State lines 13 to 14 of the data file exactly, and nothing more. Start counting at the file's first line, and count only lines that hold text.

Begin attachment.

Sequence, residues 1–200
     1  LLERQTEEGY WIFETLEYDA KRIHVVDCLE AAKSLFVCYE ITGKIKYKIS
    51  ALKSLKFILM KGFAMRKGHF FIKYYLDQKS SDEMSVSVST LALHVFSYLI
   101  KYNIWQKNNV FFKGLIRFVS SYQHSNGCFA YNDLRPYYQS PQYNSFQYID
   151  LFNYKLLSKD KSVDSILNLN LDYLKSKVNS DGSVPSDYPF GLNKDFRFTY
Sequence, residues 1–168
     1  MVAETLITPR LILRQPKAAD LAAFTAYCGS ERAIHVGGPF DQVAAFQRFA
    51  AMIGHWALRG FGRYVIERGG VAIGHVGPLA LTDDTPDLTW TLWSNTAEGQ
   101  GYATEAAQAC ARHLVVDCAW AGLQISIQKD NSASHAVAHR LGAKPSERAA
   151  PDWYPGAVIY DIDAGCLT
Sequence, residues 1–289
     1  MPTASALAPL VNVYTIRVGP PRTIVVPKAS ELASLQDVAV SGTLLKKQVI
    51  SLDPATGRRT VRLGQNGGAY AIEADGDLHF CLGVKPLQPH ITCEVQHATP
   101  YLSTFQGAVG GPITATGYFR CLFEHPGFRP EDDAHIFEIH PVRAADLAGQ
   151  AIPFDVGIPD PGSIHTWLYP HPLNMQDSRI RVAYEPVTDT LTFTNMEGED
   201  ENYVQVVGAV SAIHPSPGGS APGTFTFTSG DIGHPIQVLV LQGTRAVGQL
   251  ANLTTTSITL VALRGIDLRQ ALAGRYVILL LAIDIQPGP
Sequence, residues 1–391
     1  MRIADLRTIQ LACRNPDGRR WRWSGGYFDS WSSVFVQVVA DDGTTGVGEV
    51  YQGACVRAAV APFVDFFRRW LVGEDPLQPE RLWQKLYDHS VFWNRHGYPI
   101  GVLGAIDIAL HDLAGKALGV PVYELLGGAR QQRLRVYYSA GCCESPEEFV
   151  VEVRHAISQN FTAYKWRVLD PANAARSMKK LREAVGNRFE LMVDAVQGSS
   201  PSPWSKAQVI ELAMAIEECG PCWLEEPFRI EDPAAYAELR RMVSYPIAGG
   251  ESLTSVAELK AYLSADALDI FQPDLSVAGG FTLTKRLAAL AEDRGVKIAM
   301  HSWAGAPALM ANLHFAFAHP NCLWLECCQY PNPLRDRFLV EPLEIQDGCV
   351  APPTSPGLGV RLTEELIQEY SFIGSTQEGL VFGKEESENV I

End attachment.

    51  SLDPATGRRT VRLGQNGGAY AIEADGDLHF CLGVKPLQPH ITCEVQHATP
   101  YLSTFQGAVG GPITATGYFR CLFEHPGFRP EDDAHIFEIH PVRAADLAGQ